Datasets for each patient were entered into an Excel spread sheet (Microsoft, Richmond, USA) where all basic calculations such sa population characteristics were calculated. Statistical analysis such as receiver operator characteristic (ROC) analysis was performed using the MedCalc software , using the DeLong-DeLong method in order to compare the ability of AGLAca and AGLAaa to predict incident myocardial infarctions in the validation cohort . For the net reclassification improvement (NRI) the standard method originally described by Pencina et al.  was employed as follows: NRI = [correct reclassification of events minus incorrect reclassification of events] x [1/all events] + [correct reclassification of nonevents minus incorrect reclassification of non-events] x [1/all non-events]. Pearson's Chi-squared statistic was used to calculate the level of significance. Cox regression analysis was calculated for AGLAca und AGLAaa separately and in combination and was performed with the level of statistical significance set at p <0.05.
|Table 1: Patient characteristics from which arterial age was derived.|
|n = 1,500||n||%|
|Age (years) mean ± SD||59 ± 9|
|Family history for CAD||250||17|
|Diabetes mellitus type II||78||5|
|Current smoker, no. %||270||18|
|Blood pressure systolic (mm Hg) mean ± SD||131 ± 17|
|TPA (mm2) mean ± SD||54 ± 52|
|Individuals with zero TPA||109||7|
|Total cholesterol (mmol/l) mean ± SD||5.8 ± 1.1|
|HDL cholesterol (mmol/l) mean ± SD||1.5 ± 0.5|
|LDL cholesterol (mmol/l) mean ± SD||3.6 ± 1.0|
|Triglycerides (mmol/l) mean ± SD||1.5 ± 1.0|
|AGLAca, mean ± SD||8 ± 9|
|AGLAaa, mean ± SD||9 ± 15|
|aa = arterial age; AGLA = Arbeitsgruppe Lipide und Atherosklerose (Swiss coronary risk calculator); ca = chronological age; CAD = coronary artery disease; HDL = high-density lipoprotein; LDL = low-density lipoprotein; SD = standard deviation; TPA = total plaque area of the carotid arteries|
|Table 2: Mean, standard deviation (SD) and number (n) of patients imaged to derive age- and sex-specific values for 5-year intervals.|
|Age group (years)|
The derivation cohort contained 1,500 subjects (mean age 59 ± 9 years, mean TPA was 54 ± 52 mm2, 5% were diabetics, 43% were women; table 1). The number of subjects without carotid plaque was 109 and the exponential nature of carotid total plaque area (TPA), grouped into 5-year sex-specific TPA amounts is outlined in table 2 and figure 1. The best fit correlation was an exponential function (Appendix):
1 TPA = 5.4175e0.0426age in men
2 TPA = 4.1942e0.0392age in women.
The final formulas for arterial age read as follows:
7 arterial age = [ln (TPA / 5.4175)] / (0.0426) in men
8 arterial age = [ln (TPA / 4.1942)] / (0.0392) in women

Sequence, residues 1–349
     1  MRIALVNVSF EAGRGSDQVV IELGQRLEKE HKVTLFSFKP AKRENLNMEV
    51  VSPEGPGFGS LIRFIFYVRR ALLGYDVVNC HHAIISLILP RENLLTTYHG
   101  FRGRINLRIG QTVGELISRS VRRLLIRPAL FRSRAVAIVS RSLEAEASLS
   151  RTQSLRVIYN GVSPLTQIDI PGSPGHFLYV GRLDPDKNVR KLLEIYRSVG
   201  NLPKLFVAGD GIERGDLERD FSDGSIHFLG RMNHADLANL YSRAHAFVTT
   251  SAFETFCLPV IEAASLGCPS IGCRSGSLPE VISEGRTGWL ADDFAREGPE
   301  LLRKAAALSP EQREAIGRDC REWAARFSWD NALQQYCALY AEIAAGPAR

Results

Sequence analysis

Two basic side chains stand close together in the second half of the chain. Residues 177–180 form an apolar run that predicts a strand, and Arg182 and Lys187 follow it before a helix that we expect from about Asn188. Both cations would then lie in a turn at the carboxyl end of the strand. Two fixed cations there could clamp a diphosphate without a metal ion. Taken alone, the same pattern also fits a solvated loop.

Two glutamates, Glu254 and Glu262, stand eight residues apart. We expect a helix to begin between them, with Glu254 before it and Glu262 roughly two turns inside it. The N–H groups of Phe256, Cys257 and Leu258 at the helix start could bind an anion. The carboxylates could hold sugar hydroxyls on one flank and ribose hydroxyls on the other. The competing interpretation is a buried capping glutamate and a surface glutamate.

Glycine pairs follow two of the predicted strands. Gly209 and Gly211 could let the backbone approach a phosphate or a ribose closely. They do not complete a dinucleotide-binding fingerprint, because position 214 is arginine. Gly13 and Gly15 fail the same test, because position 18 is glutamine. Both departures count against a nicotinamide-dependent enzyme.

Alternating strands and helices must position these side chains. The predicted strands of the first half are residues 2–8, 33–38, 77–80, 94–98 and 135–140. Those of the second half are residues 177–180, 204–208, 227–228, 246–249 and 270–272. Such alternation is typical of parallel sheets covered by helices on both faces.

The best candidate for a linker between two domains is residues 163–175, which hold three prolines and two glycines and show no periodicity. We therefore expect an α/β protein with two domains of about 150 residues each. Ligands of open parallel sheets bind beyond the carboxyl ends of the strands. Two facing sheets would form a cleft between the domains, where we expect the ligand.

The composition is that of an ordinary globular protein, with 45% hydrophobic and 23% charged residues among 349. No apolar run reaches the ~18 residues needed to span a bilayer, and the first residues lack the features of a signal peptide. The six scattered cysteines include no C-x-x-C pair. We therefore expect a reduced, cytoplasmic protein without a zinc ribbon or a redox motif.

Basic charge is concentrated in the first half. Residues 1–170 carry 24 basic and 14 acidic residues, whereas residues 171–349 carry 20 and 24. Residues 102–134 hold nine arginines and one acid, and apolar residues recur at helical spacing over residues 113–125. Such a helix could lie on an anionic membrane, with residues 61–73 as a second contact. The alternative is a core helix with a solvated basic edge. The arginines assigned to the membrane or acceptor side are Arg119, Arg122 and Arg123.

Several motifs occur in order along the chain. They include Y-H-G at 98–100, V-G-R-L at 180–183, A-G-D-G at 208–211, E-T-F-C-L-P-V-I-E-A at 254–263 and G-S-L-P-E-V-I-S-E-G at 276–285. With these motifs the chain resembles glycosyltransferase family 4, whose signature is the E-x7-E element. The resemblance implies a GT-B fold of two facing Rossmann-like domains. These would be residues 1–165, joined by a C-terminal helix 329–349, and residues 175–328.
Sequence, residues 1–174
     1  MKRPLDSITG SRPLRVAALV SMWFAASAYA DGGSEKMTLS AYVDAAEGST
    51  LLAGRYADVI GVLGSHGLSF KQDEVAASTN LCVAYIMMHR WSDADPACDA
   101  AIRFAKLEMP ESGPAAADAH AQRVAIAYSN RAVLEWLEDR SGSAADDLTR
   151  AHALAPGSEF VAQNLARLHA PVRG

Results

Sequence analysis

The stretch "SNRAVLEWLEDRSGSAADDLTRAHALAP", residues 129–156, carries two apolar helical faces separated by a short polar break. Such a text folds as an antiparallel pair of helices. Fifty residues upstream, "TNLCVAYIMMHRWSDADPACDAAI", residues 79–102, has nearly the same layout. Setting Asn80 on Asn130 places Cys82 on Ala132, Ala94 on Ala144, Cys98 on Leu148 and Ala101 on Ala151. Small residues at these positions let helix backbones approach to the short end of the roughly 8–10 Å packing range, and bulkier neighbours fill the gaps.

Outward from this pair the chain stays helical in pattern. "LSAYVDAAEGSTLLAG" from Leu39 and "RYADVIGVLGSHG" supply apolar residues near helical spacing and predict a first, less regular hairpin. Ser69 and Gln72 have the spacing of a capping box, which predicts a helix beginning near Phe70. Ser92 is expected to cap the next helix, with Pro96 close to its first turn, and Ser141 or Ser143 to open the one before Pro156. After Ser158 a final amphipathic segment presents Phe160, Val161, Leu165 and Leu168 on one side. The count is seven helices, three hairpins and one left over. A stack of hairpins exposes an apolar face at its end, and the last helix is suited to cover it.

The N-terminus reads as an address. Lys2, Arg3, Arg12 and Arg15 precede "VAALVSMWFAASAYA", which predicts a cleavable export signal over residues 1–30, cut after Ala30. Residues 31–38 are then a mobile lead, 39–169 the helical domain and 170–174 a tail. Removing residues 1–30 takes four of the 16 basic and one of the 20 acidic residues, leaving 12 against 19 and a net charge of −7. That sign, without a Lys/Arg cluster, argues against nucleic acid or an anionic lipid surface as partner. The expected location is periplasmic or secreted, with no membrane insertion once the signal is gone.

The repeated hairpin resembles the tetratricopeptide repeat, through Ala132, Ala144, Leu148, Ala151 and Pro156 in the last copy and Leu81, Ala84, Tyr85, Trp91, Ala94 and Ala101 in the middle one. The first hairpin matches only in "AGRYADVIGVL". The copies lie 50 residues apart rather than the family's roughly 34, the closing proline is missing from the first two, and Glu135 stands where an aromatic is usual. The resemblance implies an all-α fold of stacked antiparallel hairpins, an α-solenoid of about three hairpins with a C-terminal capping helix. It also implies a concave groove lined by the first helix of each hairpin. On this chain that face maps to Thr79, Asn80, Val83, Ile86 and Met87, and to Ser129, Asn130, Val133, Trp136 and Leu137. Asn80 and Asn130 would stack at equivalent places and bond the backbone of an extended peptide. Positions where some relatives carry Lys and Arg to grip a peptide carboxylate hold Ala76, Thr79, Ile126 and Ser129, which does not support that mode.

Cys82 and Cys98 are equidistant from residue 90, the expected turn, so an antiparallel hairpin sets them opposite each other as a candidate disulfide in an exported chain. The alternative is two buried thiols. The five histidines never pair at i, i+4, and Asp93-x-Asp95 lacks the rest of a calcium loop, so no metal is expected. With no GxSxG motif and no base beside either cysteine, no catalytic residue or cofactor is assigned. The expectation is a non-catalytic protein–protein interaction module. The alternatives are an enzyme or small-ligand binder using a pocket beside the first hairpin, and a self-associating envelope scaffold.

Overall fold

The mean arterial age of the derivation cohort was 49 ± 21 years. AGLAca 10-year coronary risk was 8% ± 9% and AGLAaa was 9% ± 15%. The validation cohort consisted of 684 healthy subjects with a follow-up time of 3.3 ± 1.8 years, and has been described elsewhere ; mean chronological age was 50 ± 13 years and mean arterial age was 42 ± 25 years.
The 10-year coronary risk in the derivation cohort was 5% ± 8% for AGLAca and 6% ± 13% for AGLAaa. In ROC analysis the area under the curve (AUC) was 0.65 for AGLAca (95% CI = 0.61–0.68, p = 0.041) and was 0.78 (95% CI = 0.75–0.81, p <0.0001) for AGLAaa. This improvement of 0.13 was statistically significant (p = 0.041) (fig. 2). The Cox proportional hazard regression model was not statistically significant for AGLAca (p = 0.2519), but was highly significant for AGLAaa (p = 0.0003). The reclassification calculations for the NRI in subjects without events was –22/671 = –3% and was 3/13 = 23% in subjects with an event, giving to a total NRI of 20% (p <0.0001).
The concept of substituting chronological age by arterial age in the AGLA risk function in order to improve coronary risk prediction was tested. The distribution of average sex-specific 5-year aggregated TPA values in this relatively large single-centre, single observer, group of healthy subjects (n = 1,500) served to derive an arterial age formula (see fig. 1). Use of the inverse of these functions allowed us to calculate the arterial age of any given patient based on TPA.
The prognostic impact of this arterial age function implemented into AGLAaa was validated externally in a validation cohort previously published by our group . ROC analysis, the net reclassification improvement (NRI) and a Cox survival regression model showed that the arterial age risk model (AGLAaa) performed significantly better than the chronological age model AGLAca (increase in AUC by 0.13 from 0.65 to 0.78, p = 0.041; NRI of + 20%; Cox regression AGLAca p = not significant, AGLAaa p <0.0003).
Performing reclassification using arterial age instead of chronological age, average coronary risk did not significantly increase in the derivation cohort, since average AGLA risk was comparable for AGLAca and AGLAaa (8% vs 9%, p = not significant).